The character, Paul Schäfer, appears just after Daniel has been tortured with electric shocks. Daniel is shown strapped to a metal bed frame, naked except for his underwear. As Daniel recovers from being beaten and repeatedly shocked, Schäfer shows up and comforts him, hugging him and speaking soothingly to him. As a viewer, I am led to believe this is how the cult leader gets Daniel into the compound, where he and the rest of the followers are forced to work. Males and females are kept apart, and children are separated. Although it’s not explicitly shown in the film, it’s implied that Schäfer molests boys. Indeed, the real Paul Schäfer was found to have molested hundreds of boys over his forty years leading the cult. But Schäfer colluded with the Pinochet regime, arranging to smuggle in weapons from Germany, since shipments bound for his ministry were never inspected by customs because they were for a “charity”.
Schäfer also conducted torture and took care of executions for the Pinochet regime, as he also ran a hospital. After a hunting accident, which required Schäfer to undergo medical care at a hospital in Santiago for months, Schäfer came back to his fortress and forbade all festivities. In 1966, a teenager named Wolfgang Kneese managed to escape the fortress and spoke to the press. Schäfer got another teenager, name of Hartmut Hopp, to accuse Kneese of sexual misconduct. Hopp was rewarded by Schäfer, who allowed him to study medicine. Hopp served as a physician in the hospital; he also prescribed sedatives for Schäfer, who would use them to subdue his victims, boys he raped who were sent to his colony.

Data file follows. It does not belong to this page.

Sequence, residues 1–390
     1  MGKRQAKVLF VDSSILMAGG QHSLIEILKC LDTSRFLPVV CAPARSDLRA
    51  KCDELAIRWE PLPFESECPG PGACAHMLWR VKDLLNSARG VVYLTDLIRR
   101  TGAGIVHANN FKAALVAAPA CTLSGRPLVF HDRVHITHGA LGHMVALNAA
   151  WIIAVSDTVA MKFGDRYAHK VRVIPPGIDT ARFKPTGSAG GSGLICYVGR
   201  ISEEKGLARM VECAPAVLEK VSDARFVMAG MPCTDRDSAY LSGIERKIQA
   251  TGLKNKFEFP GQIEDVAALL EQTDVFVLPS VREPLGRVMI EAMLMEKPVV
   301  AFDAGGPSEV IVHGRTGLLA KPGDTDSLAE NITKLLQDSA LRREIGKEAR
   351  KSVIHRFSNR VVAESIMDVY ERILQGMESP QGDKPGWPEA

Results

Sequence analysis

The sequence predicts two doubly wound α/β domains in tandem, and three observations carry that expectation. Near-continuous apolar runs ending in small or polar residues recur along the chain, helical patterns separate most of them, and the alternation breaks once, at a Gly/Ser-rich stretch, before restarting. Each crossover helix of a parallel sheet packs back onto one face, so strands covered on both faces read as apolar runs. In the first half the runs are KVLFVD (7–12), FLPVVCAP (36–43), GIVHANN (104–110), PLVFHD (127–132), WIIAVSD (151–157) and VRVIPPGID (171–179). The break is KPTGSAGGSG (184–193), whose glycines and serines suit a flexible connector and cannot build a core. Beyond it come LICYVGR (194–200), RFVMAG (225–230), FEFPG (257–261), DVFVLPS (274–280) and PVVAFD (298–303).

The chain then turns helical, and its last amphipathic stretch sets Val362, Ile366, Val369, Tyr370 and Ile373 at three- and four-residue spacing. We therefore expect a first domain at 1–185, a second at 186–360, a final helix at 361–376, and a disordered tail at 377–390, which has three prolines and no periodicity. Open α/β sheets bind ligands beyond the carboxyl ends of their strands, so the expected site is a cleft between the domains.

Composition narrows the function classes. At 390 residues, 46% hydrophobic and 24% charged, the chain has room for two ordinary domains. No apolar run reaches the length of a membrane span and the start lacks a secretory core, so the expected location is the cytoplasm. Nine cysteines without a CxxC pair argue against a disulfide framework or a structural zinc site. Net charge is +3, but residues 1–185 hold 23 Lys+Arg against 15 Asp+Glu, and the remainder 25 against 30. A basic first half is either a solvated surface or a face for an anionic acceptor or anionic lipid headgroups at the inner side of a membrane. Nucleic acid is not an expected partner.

In real life, Schäfer duped locals into following him until he finally lost favor when Pinochet stepped down in 1990. The next leader, Patricio Aylwin, stripped Schäfer’s ministry of its charity status and cut off funding for Schäfer’s hospital. In 1997, Schäfer disappeared, as he was up on child sexual abuse charges. He was tried in absentia in 2004, and found guilty. Schäfer was also wanted in Germany and France, having also been accused of child abuse in both countries. In March 2005, Schäfer was finally found hiding out in a townhouse in a gated community about 25 miles from Buenos Aires, Argentina. He was arrested and sent back to Chile. In 2006, he was sentenced to 20 years in prison for sexually abusing 25 children. He was also fined 770 million pesos, which was to have been distributed to his victims. He died on April 24, 2010 at age 88 of heart failure.